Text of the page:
Fill your wok with water, making sure the water line hits just below the first layer of dumplings. Bring to a simmer. Place steamer basket inside and steam for 7-10 minutes, until pork is cooked through.

For a traditional dipping sauce, you can cut ginger into matchsticks and mix with black vinegar for serving. (Confession: I forgot to buy black vinegar at A Dong, so I actually used Balsamic for the photo... which is NOT traditional.) Also, shout out to my local sushi place for letting us borrow these spoons for a couple hours for the photo shoot.

The best way to eat them is in a large Asian soup spoon. After dipping, poke a little hole in the dumpling to allow that now liquid soup to escape into the spoon. Eat the whole thing in one bite, slurping the soup up with the dumpling. Mmmmmm.

*Also worth noting: If you don't plan to eat all of the dumplings in one sitting (this recipe makes about 24 of them), you can freeze the uncooked dumplings. Simply dust a sheet pan with flour, space out the dumplings on the pan, freeze for a couple hours, and then transfer to a freezer-proof container or plastic Ziplock bag. When ready to eat, steam them as you would if they were fresh (you may need to cook a couple extra minutes is all.)

As always, thanks to Justin for taking the awesome photos and for pushing me to attempt something I've previously been too intimidated to try making. Here's to conquering another round of the letter X!

Xiao Long Bao (easy Shanghai Soup Dumpings)

by Jaymee Sire
Prep Time: 2 hours
Cook Time: 10 minutes
Keywords: steam appetizer pork broth Asian Chinese

Ingredients (24 dumplings)
    For the aspic/broth jello
    • 1 cup cup good quality chicken stock
    • 2 teaspoons soy sauce
    • 1 teaspoon Shao Xing cooking wine (Chinese rice wine)
    • 1 teaspoon bacon grease (optional)
    • 1 packet unflavored gelatin (2 teaspoons)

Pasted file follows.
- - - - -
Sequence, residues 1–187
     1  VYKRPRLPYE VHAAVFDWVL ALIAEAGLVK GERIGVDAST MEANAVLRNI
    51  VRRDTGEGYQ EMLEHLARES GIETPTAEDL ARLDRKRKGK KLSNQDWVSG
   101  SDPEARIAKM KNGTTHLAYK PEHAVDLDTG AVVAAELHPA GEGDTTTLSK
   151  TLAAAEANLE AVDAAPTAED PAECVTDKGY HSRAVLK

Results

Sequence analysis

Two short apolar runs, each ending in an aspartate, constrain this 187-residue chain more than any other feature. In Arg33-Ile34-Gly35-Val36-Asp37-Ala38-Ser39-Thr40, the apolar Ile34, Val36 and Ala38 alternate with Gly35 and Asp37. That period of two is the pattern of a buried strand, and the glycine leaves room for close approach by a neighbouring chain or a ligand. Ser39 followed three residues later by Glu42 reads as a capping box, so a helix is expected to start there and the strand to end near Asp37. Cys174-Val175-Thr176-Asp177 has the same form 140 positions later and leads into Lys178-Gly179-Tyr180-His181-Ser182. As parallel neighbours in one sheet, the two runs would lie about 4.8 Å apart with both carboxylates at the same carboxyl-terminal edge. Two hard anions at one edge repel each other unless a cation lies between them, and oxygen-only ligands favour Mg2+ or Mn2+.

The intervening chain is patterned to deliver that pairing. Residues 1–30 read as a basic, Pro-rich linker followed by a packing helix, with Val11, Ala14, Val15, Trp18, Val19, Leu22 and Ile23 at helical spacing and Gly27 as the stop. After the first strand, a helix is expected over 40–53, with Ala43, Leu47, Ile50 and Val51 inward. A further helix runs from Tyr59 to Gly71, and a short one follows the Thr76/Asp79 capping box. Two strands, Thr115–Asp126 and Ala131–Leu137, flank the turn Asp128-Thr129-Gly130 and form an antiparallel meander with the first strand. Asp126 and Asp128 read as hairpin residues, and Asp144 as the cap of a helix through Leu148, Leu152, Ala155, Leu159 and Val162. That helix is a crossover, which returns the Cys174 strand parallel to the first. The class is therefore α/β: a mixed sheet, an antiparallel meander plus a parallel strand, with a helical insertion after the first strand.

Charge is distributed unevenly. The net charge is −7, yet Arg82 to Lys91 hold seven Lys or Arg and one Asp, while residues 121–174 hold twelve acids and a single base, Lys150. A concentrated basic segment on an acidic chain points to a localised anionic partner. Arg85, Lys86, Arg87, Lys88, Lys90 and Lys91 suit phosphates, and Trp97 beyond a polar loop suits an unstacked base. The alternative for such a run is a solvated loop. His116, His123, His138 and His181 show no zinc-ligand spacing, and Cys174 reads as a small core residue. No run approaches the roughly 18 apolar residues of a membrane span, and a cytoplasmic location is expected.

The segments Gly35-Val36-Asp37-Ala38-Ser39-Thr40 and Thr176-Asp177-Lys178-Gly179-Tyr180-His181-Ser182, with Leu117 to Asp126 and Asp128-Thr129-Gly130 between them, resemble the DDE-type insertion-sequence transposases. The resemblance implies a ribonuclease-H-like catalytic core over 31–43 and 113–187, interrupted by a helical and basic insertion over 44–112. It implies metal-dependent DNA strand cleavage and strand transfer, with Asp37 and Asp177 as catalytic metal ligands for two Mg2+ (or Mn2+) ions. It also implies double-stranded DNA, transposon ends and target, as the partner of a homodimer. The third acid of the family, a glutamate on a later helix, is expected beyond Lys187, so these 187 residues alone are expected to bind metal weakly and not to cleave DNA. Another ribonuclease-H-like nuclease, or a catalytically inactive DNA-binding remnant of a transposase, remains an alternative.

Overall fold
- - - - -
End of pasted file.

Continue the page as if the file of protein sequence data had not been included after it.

• salt & pepper, to taste (depends how seasoned stock was)
    For the dumplings
    • napa cabbage, cut to fit steamer baskets (or parchment paper)
    • about a cup of aspic (see above)
    • 1/2 pound pork
    • 5 large shrimp, (peeled/deveined/tails removed), finely minced
    • 1 medium garlic clove, minced
    • 2 stalks green onions, minced (white & pale green parts only)
    • 1/4 teaspoon finely grated ginger
    • 1 teaspoon sugar
    • 1 tablespoon soy sauce
    • 1/8 teaspoon white pepper
    • 1/2 teaspoon kosher salt
    • 1/4 teaspoon sesame oil
    • 1/2 teaspoon Shao Xing cooking wine (Chinese rice wine)
    • Shanghai style dumpling wrappers
    For the dipping sauce
    • ginger, peeled and cut into match sticks
    • black vinegar
    For the aspic/broth jello:
    1. Combine stock, soy sauce, rice wine & bacon grease (if using) into a small sauce pan. Sprinkle gelatin on top and allow it to soak in a minute or two.
    2. Bring to a low boil and cook/stir until gelatin has dissolved and most of the alcohol has cooked out (about 2 minutes). Taste for flavor and add more salt & pepper if necessary.
    3. Refrigerate until solid, about 2 hours.

    For the dumplings:
    1. Line a baking sheet with parchment paper. Line bamboo steamers with napa cabbage leaves or parchment paper.
    2. Mix together all ingredients except wrappers until just incorporated.
    3. On a clean work surface, lay out a dumpling wrapper and place about a tablespoon (or slightly less) of filling in the middle (less is more). Wet the edges of the wrapper and begin folding the edges until you have about 15-20 folds all the way around. Pinch together in the middle with your fingers and gently twist until dumpling wrapper is secure. Transfer to baking sheet and cover with a towel while you continue filling the rest of the dumplings. Repeat process until filling is gone. You should have approximately 24 dumplings.
    4. Place dumplings in steamer basket, about an inch apart (making sure not to crowd them). Fill wok with water, making sure the water line hits just below the first layer of dumplings. Bring to a simmer. Place steamer basket inside and steam for 7-10 minutes, until pork is cooked through.
    5. Serve immediately with dipping sauce! (below)

    For the dipping sauce:
    1. Mix together matchstick ginger and black vinegar.
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    1. This transition to the food world is going to suit you just fine, Jaymee. The dumplings look spot on. Continued success to you.

    2. New to the blog. Been looking for a dumpling place in the Bay Area. I'm thinking of trying this recipe!!

    3. Awesome... let me know how they come out!!